Published : 2013-03-12 20:16
Updated : 2013-03-12 20:16
Retired Army general Nam Jae-joon, who was picked by President Park Geun-hye early this month to head the National Intelligence Service, is said to have charged on several occasions before his nomination that the nation’s top intelligence agency “has remained dead” in past years. His remarks referred to the weakening of the agency’s function of gathering and analyzing sensitive information on North Korea during the rule of Park’s predecessors.
Its crucial human intelligence network in the North, as noted by many experts, virtually unraveled while liberal President Kim Dae-jung and his successor Roh Moo-hyun pursued the policy of unconditional reconciliation with Pyongyang over a decade from the late 1990s. Conservative President Lee Myung-bak is also said to have been unenthusiastic toward restoring the network during his five-year rule that ended in February.
The agency’s inability to keep a close eye on the inside of the isolated regime was starkly revealed when it had remained in the dark until North Korea’s state media belatedly announced the death of its leader Kim Jong-il in December 2011.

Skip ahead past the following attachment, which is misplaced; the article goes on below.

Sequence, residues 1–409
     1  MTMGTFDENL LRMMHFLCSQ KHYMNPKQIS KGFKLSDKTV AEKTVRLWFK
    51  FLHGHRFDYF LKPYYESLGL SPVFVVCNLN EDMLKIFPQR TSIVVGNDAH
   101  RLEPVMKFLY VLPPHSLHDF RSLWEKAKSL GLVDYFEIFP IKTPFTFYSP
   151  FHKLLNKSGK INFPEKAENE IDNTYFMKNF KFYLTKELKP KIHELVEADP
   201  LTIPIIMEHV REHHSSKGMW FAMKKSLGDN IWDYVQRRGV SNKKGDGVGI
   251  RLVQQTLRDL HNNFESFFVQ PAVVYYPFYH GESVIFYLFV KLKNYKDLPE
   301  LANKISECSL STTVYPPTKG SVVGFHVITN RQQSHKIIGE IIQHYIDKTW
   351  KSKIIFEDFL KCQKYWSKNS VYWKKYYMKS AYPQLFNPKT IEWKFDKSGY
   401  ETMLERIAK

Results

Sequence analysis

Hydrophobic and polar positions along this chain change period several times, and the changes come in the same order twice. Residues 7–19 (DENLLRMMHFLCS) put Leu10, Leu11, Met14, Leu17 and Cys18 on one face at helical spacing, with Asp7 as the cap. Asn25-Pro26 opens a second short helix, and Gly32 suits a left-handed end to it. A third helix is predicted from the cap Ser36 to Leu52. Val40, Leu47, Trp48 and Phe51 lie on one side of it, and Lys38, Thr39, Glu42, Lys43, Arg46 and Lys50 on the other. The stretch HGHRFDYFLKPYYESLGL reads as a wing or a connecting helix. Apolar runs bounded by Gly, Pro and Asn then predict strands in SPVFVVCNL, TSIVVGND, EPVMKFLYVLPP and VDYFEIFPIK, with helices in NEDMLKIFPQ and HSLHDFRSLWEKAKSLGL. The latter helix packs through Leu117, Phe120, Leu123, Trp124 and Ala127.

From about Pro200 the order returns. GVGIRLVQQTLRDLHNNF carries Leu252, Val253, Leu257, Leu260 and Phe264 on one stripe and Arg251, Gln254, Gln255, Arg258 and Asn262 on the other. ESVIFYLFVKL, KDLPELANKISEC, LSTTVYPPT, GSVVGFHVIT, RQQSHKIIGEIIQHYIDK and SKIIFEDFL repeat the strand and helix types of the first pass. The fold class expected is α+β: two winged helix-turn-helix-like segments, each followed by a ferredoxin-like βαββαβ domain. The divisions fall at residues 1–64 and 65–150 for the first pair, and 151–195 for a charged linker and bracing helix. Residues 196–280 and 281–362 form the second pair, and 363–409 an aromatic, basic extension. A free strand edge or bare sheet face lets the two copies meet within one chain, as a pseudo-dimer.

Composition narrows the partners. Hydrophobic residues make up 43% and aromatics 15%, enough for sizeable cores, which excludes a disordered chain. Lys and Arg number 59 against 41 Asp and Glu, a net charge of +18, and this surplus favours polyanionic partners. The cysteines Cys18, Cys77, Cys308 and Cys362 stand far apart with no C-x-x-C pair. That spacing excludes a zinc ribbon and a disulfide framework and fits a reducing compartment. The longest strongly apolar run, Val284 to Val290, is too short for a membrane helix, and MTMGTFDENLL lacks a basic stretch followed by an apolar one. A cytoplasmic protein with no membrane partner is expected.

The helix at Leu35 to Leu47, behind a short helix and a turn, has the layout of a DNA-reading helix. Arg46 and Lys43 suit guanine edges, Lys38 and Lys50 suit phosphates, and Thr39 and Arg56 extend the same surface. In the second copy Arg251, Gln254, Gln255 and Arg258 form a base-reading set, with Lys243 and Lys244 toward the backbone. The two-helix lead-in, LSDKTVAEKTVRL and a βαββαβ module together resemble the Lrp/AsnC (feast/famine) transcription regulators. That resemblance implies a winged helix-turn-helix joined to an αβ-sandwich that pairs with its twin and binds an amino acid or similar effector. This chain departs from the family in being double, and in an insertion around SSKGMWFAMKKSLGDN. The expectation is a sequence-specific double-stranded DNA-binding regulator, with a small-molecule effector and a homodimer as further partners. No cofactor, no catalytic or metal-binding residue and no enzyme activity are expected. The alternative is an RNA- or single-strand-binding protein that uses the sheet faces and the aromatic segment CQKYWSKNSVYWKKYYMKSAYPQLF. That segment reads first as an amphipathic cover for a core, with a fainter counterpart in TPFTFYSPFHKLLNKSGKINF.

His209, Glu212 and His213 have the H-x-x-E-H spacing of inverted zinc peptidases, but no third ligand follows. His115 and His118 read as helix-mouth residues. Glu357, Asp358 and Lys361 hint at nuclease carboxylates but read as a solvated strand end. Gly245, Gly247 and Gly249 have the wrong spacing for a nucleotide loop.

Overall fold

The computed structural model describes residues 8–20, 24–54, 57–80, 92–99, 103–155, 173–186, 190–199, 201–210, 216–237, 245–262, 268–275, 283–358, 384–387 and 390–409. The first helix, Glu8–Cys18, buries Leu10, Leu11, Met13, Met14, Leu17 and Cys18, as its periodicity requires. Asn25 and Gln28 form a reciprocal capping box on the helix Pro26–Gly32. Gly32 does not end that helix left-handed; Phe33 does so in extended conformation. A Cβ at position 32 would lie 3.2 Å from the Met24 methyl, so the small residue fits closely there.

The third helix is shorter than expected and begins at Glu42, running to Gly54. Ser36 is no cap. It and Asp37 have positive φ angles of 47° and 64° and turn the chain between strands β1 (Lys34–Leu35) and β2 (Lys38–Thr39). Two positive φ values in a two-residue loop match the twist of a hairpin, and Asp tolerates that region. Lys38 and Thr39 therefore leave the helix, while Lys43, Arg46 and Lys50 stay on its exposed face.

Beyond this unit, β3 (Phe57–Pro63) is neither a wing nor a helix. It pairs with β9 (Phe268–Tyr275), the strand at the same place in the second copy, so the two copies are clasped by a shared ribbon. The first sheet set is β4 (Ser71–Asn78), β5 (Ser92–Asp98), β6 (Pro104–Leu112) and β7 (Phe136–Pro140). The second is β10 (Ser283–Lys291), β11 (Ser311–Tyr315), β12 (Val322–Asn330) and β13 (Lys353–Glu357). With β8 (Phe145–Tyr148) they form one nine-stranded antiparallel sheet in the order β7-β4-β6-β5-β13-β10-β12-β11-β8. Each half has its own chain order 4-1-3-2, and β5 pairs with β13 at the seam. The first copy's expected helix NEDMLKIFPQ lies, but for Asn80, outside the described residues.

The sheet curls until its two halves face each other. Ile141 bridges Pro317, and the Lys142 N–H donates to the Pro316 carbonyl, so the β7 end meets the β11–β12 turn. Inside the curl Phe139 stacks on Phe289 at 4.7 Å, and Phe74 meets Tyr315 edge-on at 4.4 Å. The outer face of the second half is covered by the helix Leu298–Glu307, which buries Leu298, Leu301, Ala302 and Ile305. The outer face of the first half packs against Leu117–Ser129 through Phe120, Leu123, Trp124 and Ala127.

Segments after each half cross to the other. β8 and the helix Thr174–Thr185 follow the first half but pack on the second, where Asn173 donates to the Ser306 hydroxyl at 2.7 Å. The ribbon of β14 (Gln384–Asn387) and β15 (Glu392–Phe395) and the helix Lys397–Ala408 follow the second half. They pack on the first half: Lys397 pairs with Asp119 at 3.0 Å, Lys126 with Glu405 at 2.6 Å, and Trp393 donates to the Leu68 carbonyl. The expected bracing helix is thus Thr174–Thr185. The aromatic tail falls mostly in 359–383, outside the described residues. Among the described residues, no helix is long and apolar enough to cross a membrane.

While its quintessential operations withered, the agency has continued to be criticized for attempting to meddle in domestic politics. In the latest case, an NIS employee came under suspicion of having written a number of online postings unfavorable to opposition candidate Moon Jae-in during last December’s presidential campaign.
Against this not so proud background, Nam, the nominee for NIS director, appears determined to reform the agency in the direction of strengthening its function regarding North Korea and reducing or abandoning some units handling domestic matters. His plan for overhauling the organization is said to be strongly backed by President Park, who has a painful memory of his father having been assassinated by his intelligence chief in 1979, putting an abrupt end to his 18-year rule.
Her choice of a retired general known for his principled stance seems to reflect her expectation that he would be the right person to change the agency to be placed beyond the domestic political sphere.
The incoming intelligence chief will certainly be taking the right direction by implementing the planned reform measures. At a time of escalating tensions on the Korean Peninsula, the need for accurate intelligence on the North Korean regime is needed more than ever.
National security will be better ensured if and when the intelligence agency becomes capable of keeping track of the inner workings of the North Korean leadership and gauging their true intentions. The parliamentary confirmation process for the intelligence chief nominee needs to be expedited to allow him to begin his tasks as soon as possible.